It all boils down to so called convenience. Hotels or other organisations just can’t be bothered with all the maintenance, watering etc that real plants need. But I agree with everything you say!

    Liked by 1 person

  4. I love the MK plants too. There were even sparrows in fig trees with ripe figs on last time I went. 🙂

    Liked by 1 person

  5. Can’t get over that plastic garden in Lancaster, even if you were only think aesthetically, it’s awful. Surprised at Wellcome too.

    Despite being a bit naff, I think plastic flowers can be useful; I would wager that having the same plastic flowers for a long time in a vase is less destructive that buying fresh cut flowers all the time. Even then though, there are ways and means to produce them sustainably!

    Liked by 1 person

  6. My daughter thinks we could get fake grass after seeing it at one of her friend’s (they have a concrete yard which is covered with AstroTurf).

    The fake ivy at Lancaster does look fake – or at least because it can be contrasted with the real stuff on the other side of the wall.

    Liked by 1 person

  7. Yes I too have noticed a) how good the fake flower people have got and b) how sad it is that whilst it is now recognised that greenery is good for people’s well-being that convenience dictates that fake plants are used in preference to real ones. It might be interesting to do a study on whether people feel better in the presence of real versus fake plant material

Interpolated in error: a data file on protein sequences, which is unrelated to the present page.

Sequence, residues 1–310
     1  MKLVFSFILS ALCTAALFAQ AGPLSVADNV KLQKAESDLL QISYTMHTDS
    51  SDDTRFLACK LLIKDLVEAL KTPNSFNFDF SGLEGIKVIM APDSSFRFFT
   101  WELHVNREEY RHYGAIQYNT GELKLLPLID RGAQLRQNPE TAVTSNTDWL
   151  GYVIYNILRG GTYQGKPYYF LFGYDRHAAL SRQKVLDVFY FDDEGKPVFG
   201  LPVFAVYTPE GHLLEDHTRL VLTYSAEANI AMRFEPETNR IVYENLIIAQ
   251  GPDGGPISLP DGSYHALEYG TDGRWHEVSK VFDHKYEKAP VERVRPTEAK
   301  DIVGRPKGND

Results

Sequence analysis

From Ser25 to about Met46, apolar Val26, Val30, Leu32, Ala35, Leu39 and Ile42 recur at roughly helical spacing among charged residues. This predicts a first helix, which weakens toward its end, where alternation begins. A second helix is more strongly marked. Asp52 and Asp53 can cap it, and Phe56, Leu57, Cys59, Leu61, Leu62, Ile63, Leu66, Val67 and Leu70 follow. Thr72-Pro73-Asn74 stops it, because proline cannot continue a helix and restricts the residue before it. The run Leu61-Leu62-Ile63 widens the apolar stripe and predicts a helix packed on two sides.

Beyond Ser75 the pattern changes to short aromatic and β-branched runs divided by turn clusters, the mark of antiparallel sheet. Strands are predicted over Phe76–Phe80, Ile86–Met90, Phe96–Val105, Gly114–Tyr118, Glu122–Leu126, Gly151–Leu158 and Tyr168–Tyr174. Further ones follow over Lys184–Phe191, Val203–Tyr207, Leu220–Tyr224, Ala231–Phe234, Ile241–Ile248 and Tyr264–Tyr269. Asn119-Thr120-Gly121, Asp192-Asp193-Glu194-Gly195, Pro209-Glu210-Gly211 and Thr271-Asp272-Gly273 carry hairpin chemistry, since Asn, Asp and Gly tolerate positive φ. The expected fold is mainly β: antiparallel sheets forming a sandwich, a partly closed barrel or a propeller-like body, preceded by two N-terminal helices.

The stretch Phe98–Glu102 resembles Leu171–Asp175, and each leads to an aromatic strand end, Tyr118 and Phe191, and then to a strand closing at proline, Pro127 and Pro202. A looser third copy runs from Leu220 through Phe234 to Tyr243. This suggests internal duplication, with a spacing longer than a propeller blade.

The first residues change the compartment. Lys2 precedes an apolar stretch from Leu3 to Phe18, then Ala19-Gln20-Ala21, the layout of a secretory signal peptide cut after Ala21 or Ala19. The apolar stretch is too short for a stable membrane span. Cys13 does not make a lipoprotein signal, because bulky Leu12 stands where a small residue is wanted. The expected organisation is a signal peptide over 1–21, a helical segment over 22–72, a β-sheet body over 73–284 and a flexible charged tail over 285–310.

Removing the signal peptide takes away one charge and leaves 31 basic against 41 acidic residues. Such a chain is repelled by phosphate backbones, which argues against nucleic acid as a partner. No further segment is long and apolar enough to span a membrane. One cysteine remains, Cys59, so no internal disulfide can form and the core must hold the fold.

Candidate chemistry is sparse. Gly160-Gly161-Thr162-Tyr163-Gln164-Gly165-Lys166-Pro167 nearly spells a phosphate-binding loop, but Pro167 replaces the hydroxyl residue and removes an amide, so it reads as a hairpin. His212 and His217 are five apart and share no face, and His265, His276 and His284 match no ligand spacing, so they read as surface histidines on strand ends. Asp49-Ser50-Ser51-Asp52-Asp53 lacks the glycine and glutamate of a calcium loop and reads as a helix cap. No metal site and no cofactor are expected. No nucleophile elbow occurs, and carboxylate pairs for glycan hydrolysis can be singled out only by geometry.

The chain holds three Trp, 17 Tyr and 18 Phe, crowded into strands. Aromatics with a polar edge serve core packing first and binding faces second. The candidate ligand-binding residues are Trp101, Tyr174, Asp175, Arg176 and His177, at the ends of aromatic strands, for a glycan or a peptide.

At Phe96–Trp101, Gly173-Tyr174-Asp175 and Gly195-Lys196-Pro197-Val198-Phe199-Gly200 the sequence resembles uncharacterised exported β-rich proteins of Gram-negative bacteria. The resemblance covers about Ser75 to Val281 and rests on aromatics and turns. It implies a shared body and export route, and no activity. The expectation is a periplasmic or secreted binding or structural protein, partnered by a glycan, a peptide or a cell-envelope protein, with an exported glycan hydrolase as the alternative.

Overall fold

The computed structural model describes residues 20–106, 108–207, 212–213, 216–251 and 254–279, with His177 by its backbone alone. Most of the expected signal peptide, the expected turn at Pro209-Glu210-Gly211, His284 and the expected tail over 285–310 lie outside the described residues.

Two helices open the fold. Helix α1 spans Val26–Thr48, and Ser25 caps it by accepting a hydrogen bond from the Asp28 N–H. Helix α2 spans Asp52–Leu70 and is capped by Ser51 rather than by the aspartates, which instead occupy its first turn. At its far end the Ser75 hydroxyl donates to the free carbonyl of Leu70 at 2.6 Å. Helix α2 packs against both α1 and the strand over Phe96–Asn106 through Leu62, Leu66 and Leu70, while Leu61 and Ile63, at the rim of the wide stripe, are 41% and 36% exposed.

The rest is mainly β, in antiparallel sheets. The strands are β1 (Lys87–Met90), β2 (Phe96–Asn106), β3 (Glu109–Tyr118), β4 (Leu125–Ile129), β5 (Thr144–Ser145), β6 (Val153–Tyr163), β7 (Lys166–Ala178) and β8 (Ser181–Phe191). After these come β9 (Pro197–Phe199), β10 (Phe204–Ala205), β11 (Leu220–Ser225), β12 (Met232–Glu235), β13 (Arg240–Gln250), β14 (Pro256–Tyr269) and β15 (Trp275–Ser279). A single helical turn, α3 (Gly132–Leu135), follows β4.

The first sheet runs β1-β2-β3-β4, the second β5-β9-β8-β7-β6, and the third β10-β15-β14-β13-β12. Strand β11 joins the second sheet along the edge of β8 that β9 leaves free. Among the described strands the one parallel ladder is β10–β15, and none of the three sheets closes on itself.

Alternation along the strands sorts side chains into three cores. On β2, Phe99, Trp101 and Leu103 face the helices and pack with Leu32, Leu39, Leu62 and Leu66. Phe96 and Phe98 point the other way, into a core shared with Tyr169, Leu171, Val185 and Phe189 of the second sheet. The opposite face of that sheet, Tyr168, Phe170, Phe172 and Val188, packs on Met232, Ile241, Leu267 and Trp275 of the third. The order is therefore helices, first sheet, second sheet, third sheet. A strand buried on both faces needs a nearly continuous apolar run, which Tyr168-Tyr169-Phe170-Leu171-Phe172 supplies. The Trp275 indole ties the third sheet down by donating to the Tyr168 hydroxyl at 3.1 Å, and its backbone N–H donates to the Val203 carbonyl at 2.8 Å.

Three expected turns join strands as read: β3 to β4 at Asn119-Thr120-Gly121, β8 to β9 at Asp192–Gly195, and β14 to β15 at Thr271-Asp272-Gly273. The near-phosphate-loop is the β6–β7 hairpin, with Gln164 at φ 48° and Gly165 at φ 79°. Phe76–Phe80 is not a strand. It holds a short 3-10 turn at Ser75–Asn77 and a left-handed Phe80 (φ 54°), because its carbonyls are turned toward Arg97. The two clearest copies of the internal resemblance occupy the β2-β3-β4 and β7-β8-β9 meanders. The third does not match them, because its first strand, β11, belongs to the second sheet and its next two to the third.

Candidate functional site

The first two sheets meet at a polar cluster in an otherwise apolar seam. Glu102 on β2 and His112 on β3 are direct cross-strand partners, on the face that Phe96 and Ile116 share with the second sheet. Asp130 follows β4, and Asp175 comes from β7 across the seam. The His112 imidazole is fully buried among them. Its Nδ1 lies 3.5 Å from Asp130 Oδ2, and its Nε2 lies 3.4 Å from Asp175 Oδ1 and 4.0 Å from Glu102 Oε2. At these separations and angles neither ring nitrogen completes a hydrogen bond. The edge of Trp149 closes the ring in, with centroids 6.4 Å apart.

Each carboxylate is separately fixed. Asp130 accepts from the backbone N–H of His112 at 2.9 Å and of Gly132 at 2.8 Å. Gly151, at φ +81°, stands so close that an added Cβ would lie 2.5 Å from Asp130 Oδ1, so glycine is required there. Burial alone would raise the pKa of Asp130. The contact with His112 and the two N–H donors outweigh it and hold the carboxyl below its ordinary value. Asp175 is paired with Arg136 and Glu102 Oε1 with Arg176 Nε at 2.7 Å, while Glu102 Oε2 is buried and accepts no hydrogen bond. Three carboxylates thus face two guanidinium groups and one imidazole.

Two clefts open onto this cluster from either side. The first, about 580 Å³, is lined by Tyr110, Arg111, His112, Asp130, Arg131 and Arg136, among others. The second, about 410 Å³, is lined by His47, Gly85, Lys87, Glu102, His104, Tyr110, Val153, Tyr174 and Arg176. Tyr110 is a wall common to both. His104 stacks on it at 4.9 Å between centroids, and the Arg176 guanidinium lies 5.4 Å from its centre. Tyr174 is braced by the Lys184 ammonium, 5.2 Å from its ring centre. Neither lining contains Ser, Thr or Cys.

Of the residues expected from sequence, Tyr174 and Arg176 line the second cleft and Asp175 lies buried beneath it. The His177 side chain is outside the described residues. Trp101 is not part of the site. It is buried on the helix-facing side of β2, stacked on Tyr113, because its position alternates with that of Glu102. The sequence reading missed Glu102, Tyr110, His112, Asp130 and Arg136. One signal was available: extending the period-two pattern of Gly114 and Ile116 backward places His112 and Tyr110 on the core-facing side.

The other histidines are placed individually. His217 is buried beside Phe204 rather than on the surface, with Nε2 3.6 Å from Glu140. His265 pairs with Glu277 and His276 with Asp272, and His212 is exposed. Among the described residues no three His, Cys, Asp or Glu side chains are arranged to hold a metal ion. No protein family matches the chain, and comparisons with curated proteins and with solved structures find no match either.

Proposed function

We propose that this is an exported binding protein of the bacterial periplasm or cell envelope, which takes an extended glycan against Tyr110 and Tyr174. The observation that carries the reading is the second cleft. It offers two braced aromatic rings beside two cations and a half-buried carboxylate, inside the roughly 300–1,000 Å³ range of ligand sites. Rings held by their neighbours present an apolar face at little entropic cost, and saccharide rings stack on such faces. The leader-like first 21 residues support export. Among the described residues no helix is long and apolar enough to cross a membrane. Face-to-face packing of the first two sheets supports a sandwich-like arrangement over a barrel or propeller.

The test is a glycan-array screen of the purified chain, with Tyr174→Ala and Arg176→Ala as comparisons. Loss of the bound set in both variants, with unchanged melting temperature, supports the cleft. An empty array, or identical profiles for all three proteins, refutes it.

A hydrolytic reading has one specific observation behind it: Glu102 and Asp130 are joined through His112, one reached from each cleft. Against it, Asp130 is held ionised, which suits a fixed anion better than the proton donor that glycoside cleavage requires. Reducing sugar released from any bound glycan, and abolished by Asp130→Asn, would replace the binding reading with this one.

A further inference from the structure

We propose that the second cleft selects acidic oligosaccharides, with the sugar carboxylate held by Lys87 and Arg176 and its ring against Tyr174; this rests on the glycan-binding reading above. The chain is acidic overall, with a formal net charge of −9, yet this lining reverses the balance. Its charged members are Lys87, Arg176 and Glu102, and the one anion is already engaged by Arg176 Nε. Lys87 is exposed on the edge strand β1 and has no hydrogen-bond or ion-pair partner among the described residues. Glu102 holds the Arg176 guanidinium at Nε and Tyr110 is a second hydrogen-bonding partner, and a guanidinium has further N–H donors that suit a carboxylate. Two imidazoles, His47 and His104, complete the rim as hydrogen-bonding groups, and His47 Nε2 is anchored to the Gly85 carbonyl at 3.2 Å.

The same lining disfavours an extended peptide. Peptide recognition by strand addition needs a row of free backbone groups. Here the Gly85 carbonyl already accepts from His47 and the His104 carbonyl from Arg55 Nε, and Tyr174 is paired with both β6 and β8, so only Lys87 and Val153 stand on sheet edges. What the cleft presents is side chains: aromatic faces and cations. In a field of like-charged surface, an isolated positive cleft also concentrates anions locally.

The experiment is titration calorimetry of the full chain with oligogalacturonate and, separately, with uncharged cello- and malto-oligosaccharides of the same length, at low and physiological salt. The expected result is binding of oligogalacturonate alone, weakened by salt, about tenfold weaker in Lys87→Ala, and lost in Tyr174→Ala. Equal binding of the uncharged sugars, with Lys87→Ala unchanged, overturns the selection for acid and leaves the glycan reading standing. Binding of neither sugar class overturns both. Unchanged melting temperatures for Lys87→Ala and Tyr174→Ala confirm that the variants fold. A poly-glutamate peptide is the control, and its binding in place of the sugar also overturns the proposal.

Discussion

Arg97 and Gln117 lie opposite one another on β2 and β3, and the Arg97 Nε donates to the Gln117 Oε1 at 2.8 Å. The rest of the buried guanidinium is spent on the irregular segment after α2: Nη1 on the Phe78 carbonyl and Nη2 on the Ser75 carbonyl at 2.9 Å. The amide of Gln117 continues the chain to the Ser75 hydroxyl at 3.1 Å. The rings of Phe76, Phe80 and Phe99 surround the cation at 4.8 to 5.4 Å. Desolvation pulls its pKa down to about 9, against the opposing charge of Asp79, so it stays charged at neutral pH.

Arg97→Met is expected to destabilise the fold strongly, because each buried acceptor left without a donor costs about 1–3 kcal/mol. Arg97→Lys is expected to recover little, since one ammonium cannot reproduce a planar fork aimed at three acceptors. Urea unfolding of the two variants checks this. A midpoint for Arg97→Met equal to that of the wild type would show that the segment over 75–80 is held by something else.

Liked by 1 person

  8. Do you think it is connected to the ageing population? I must confess to having had to touch some over-perfect plants just to be certain. Amelia

    Liked by 1 person

  9. Alex Laws

    I had to top and prune a silver birch in my garden last year because the neighbour complained about it on two counts. Firstly, it was shading his garden. It was growing rather large for the space so fair enough, but he was concerned about getting a sun tan, not growing plants. Secondly (and this is the good bit) when he vacuumed his artificial lawn the catkins were blocking up his vacuum cleaner! On first hearing this from my tenant to whom the complaint was made, whilst inspecting the silver birch in question, I laughed so hard I nearly choked. Only then did I discover the neighbour was sunbathing on the other side of the fence and heard the whole conversation. Oops.

    Liked by 1 person

  10. My local Garden Centre (which is now more like a gift shop) stocks plastic flowers and decorations all year now. There’s something wrong with the world when this happens – whether in terms of biodiversity, sustainability or even spiritualty.

    Liked by 1 person

  11. Hi Admin,

    This blog have wonderful content, i liked that. you wrote a such a nice content about the Box hedge. Thank you so much to sharing that information.

    Liked by 1 person